The Feminist Ideal: In all our mindsets

Philosophy: the most dangerous subjects of study. With it, ideologies and cultural mentalities come to surface and spread.

 

I wrote an earlier article regarding this here. But what does this have to do with the feminist ideal? The philosophy of the 18th and 19th century known as the “Enlightenment” was one of the channels that led to the feminist mindset. The ‘natural rights’ of men became popular and through this, the ‘natural rights’ of women began to be explored. Natural rights led to idea of freedom which then led to toleration and equality. The French Revolution was a product of the Enlightenment as well as the United States Revolutionary War.

 

Today, Thomas Paine, is a well-known revolutionary during the War for Independence. His pamphlet title, Common Sense urged the public to become anti-authority and to revolt and it espoused views that were anti-religious in nature. Paine’s work was part of the foundation for the feminist movement. It has been said that because of the Revolutionary Way, feminism kicked off faster than it did in Europe—which makes sense.

 

In the minds of colonists, tyranny and people being oppressed was an injustice. These people believed they had a God-given right to rebel against the authority that was placed in the lives. The feminists believed the same thing.

These feminists believed that they were being oppressed by tyrannical men and they believed there was a God-given right to rebel. During this time frame, the feminist took exact words and phrases of the Declaration of Independence like, “men and women are equal and share the inalienable rights endowed by their Creator.” These individuals pushed for equality of the sexes—even back in the late 1700’s. Where the Evangelical feminism influence was mainly from the Quakers, the Enlightenment influence came from the Unitarians.

 

In 1848, there was a “Declaration of Independence” (pun intended, I believe) at Seneca Falls in New York where it is reported that the feminist movement began. While there were numerous men who were in favor of feminism, John Stuart Mill perhaps was a man who voiced a dangerous, bitter breeding phrase. He wrote that authority a man had over his wife was holding her under “domestic tyranny” like the power an absolute monarch had over his citizens and a slave master over his slaves. Many other feminists carried this treacherously charged language. Susan B. Anthony used words such as ‘tyranny’ as well.

 

There were a few groups of feminists. Some who advocated for women’s higher education and some who were for the independence of women from men. These groups fought over “duties” vs. “rights.” Some believed that woman’s duty was to her house and home, but they should be allowed education in order to fulfill their duties. The other feminists who believed that women had “rights” and equality as laid out by the Enlightenment philosophy believed that women should have the ability to be independent from man—to work, to be educated, to have a career, and to not choose a family in order to survive. These particular feminists were jealous of man’s status and wanted to compete with men on equal terms. Like Martha Thomas who wanted to, “show that women can learn, can reason, can compete with men.” The early feminists took the exception to the rule and ran with it. They said, “What about the women who will not get married due to the surplus of women versus the amount of marriageable men?” They advocated for women going and getting an education so they could be their own providers.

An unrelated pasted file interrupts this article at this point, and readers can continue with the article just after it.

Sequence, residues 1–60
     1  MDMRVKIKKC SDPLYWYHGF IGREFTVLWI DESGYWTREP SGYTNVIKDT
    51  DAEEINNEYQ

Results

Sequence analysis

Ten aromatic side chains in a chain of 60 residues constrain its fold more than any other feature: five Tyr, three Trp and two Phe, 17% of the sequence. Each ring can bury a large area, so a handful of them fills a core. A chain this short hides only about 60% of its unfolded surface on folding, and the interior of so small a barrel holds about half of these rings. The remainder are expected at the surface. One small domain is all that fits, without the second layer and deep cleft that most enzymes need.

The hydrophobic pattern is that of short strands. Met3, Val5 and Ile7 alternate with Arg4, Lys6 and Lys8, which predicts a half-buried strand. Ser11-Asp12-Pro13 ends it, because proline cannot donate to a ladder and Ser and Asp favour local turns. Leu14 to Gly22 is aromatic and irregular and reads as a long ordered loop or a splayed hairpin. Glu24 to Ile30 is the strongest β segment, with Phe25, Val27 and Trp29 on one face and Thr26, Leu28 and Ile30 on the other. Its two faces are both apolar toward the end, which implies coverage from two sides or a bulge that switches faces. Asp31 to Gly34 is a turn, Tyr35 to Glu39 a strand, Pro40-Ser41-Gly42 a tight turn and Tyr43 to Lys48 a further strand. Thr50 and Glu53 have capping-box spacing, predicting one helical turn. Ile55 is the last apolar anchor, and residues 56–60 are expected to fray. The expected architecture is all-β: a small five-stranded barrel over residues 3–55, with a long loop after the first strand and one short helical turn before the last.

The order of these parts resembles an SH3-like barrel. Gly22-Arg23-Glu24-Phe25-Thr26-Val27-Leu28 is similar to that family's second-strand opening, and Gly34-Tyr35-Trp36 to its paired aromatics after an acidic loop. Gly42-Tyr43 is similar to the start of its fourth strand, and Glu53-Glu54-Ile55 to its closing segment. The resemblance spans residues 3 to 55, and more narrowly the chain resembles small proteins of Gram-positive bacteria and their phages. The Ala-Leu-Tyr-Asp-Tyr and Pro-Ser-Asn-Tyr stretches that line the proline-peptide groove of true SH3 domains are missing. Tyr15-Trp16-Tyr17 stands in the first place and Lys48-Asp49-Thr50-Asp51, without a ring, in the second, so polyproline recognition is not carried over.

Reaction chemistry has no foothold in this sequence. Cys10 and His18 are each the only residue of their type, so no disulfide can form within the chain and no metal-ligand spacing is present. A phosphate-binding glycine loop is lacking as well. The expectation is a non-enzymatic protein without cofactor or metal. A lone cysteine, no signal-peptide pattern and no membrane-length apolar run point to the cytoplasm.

Now the question to the reader is this, “Doesn’t this sound a lot like today?” Our daughters are encouraged to go out and get a formal education and start a career in case she doesn’t get married later in life. Our daughters are cornered into believing that their value and worth is what they can bring to the table monetarily. This is coming straight from feminism. It is innate in most of our brains. It is second nature—even to those who claim to be conservative.

 

Instead of passing on to daughters the command of Titus 2:3-5, these feminists taught their daughters that in order to be something in this world you had to prove it. You had to go out and be formally educated; armed with the tools needed to have a career and be independent from men because men were most likely going to be tyrannical dictators. This movement bred jealousy, discontentment, and hatred of family. The Feminist ideal is in all our minds. How deep does that rabbit hole go? Do you look at a stay at home mom and wonder what she does all day? Do you think it is crazy that another mom married her high school sweetheart and has five kids at home? Is there discontentment if your heart when you see a dual income family have more physical treasures than you because of the responsibility you have at home? I pray if this is you that the Lord will convict and open your eyes to the joy and blessing it is to have a family. I pray that older women will teach younger women to love their families.

 

I myself am so blessed to have a man who will provide for me and will sacrifice the luxury of having a little bit more money so I can stay at home tending to my responsibilities. I pray that many more men and women will see how pervasively destructive feminism is to the family—which is the foundation of society and to bring back the God-honoring, rewarding, joy of the family heritage to the front of our minds.

About Nicole Leaman

Nicole Leaman is a wife and mother of two daughters. With a degree in Criminal Justice, she actively blogs about social matters regarding women and culture.

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